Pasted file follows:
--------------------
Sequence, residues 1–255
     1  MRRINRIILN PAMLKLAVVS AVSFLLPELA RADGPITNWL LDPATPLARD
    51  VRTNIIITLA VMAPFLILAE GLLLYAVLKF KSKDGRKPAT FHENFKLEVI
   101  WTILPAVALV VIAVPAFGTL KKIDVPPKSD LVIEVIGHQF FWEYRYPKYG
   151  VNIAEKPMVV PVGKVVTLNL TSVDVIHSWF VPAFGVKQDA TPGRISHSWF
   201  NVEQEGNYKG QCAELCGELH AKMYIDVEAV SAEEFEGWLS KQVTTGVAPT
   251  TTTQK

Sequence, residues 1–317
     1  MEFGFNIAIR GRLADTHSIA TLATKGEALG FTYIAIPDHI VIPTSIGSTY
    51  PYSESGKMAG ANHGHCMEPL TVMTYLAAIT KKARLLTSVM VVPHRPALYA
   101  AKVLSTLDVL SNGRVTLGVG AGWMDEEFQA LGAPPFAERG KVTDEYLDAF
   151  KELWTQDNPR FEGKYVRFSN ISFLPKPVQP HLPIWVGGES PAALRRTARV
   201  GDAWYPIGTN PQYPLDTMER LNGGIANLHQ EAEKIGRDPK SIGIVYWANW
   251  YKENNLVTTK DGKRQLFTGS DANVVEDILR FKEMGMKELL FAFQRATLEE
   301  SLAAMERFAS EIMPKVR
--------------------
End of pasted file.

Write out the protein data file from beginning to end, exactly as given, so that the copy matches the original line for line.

Sequence, residues 1–255
     1  MRRINRIILN PAMLKLAVVS AVSFLLPELA RADGPITNWL LDPATPLARD
    51  VRTNIIITLA VMAPFLILAE GLLLYAVLKF KSKDGRKPAT FHENFKLEVI
   101  WTILPAVALV VIAVPAFGTL KKIDVPPKSD LVIEVIGHQF FWEYRYPKYG
   151  VNIAEKPMVV PVGKVVTLNL TSVDVIHSWF VPAFGVKQDA TPGRISHSWF
   201  NVEQEGNYKG QCAELCGELH AKMYIDVEAV SAEEFEGWLS KQVTTGVAPT
   251  TTTQK

Sequence, residues 1–317
     1  MEFGFNIAIR GRLADTHSIA TLATKGEALG FTYIAIPDHI VIPTSIGSTY
    51  PYSESGKMAG ANHGHCMEPL TVMTYLAAIT KKARLLTSVM VVPHRPALYA
   101  AKVLSTLDVL SNGRVTLGVG AGWMDEEFQA LGAPPFAERG KVTDEYLDAF
   151  KELWTQDNPR FEGKYVRFSN ISFLPKPVQP HLPIWVGGES PAALRRTARV
   201  GDAWYPIGTN PQYPLDTMER LNGGIANLHQ EAEKIGRDPK SIGIVYWANW
   251  YKENNLVTTK DGKRQLFTGS DANVVEDILR FKEMGMKELL FAFQRATLEE
   301  SLAAMERFAS EIMPKVR